The NY Times editors are so vexed by what they see as the latest blatant injustice from the Roberts Court that they can't be bothered to read the court's opinion or their own coverage of the case (Matt Yglesias keeps them company). Let's cut to the NY Times editors:
In an appalling 5-to-4 ruling on Thursday, the Supreme Court’s conservative majority tossed aside compelling due process claims, the demands of justice and a considered decision by a lower federal appeals court to deny the right of prisoners to obtain post-conviction DNA testing that might prove their innocence.
The inmate at the center of the case, William G. Osborne, is in prison in Alaska after a 1994 rape conviction based in part on a DNA test of semen from a condom recovered at the scene.
Clang! The inmate is in prison, all right, but for a conviction in a different crime following his release on parole in 2007 for this rape. From the Times news report:
Back to the Times editors for more bleating:
Well, his intent was to roll the bones, figuring he had nothing to lose except the expense of the test. Osborne had already passed on a more detailed test at the time of his trial, as the Times explains:
Rudimentary DNA testing on the condom in preparation for trial excluded two other suspects and included Mr. Osborne among those who might have committed the crime. The kind of testing used at the time, Chief Justice Roberts wrote, “generally cannot narrow the perpetrator down to less than 5 percent of the population.”
The defense strategy is presented in more detail in the opinion:
It seems that sample size was not a problem, so the RFLP test available in 1993 would have been definitive.
As a matter of public policy, there is a legitimate question of how best to chivvy the states along as they legislate access to what amounts to new evidence made available by advances in technology. However, as the WaPo explains, this was an awkward case on which prisoner's rights advocates chose to hang their hats, since the prisoner is almost surely guilty:
More of the case details are available in the opinion:
K. G. did not die; the bullet had only grazed her head. Once the two men left, she found her way back to the road, and flagged down a passing car to take her home. Ultimately, she received medical care and spoke to the police. At the scene of the crime, the police recovered a spent shell casing, the axe handle, some of K. G.'s clothing stained with blood, and the blue condom. Jackson v. State, No. A-5276 etc. (Alaska App., Feb. 7, 1996), App. to Pet. for Cert. 117a.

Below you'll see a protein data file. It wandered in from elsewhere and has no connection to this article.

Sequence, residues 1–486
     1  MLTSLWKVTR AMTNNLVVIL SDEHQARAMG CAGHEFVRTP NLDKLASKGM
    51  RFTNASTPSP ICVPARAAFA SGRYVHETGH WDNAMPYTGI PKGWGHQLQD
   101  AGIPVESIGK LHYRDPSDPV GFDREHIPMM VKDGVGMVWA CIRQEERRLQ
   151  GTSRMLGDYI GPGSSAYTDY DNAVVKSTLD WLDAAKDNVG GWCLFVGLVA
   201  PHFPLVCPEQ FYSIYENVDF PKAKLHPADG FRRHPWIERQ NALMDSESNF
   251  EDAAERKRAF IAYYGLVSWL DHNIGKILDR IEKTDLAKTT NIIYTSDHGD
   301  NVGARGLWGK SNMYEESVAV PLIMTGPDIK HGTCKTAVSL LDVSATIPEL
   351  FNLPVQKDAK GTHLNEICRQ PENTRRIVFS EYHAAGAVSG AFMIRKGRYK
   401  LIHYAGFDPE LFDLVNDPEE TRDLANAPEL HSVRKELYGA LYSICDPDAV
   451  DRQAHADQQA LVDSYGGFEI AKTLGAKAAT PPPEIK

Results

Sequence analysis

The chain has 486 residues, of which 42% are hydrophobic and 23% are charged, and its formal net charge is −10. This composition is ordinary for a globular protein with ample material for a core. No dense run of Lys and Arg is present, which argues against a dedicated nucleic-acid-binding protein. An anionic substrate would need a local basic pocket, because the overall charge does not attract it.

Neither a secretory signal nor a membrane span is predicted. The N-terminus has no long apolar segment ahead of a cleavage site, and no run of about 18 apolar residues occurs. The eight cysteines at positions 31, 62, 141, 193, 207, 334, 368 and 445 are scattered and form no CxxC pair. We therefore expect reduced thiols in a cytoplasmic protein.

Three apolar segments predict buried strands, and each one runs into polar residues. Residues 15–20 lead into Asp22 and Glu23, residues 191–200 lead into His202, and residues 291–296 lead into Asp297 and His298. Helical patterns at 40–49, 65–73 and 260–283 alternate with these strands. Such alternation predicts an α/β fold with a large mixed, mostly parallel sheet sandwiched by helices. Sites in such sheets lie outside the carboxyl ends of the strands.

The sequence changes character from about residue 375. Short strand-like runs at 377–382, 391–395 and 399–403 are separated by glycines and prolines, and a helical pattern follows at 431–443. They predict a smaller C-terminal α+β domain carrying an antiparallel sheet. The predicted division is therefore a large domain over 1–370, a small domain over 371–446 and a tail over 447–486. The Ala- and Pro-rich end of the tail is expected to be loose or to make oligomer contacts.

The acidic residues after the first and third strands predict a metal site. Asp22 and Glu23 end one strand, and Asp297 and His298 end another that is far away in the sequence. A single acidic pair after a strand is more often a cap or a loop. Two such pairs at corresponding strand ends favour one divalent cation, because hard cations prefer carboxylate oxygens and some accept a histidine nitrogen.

Six days later, two military police officers at Fort Richardson pulled over Dexter Jackson for flashing his headlights at another vehicle. In his car they discovered a gun (which matched the shell casing), as well as several items K. G. had been carrying the night of the attack. Id., at 116a, 118a-119a. The car also matched the description K. G. had given to the police. Jackson admitted that he had been the driver during the rape and assault, and told the police that William Osborne had been his passenger. 521 F. 3d, at 1122-1123; 423 F. 3d 1050, 1051-1052 (CA9 2005); Osborne v. State, 110 P. 3d 986, 990 (Alaska App. 2005) (Osborne I). Other evidence also implicated Osborne. K. G. picked out his photograph (with some uncertainty) and at trial she identified Osborne as her attacker. Other witnesses testified that shortly before the crime, Osborne had called Jackson from an arcade, and then driven off with him. An axe handle similar to the one at the scene of the crime was found in Osborne's room on the military base where he lived.
Hence the defense attorney's desire to steer away from a more conclusive DNA test and aim for a "mistaken identity, cross-racial identification case", which in this scenario would have amounted to, all black guys look alike to white folks.
Let's leave the last laugh for Matt Y:
Here’s a beaut of a decision from the increasingly brutal and inhumane conservative-dominated Supreme Court. Not content with gutting anti-discrimination legislation, a 5-4 majority has decided that if people are wrongfully convicted they should be punished anyway because, hey, tough on crime!
...The predominant thinking of Alaska in this case seems to be that the punishment of the innocent works as a close substitute for the punishment of the guilty, so that given the heinous nature of the crime the state has a strong interest in convicting someone or other of it irrespective of the facts. This is exactly the sort of madness and injustice we rely on the judicial system to rescue us from. But not the new Roberts Court!
I am confident that the 5 justices in the majority are comfortable that the guilty have been punished.
MORE: The SCOTUS Blog has analysis:
Amid competing essays on the courts’ role in declaring constitutional meaning, a Supreme Court majority has handed off — as essentially a question for the political branches of government — the issue of when a convicted individual can get access to genetic evidence to try to prove innocence of the crime.
Access to evidence for DNA testing, however, is not guaranteed by anything in the Constitution, the Court majority concluded – at least when the individual has had a fair trial, and is seeking the evidence after the fact, to try to undo a conviction.
The majority opinion in District Attorney’s Office v. Osborne (08-6) should not be misunderstood: it does not rule out entirely any access, in a criminal case, to genetic evidence for DNA testing. What it does do is narrow any legal foundation for such access, primarily by leaving it up to 50 state legislatures and Congress to craft rules to control access.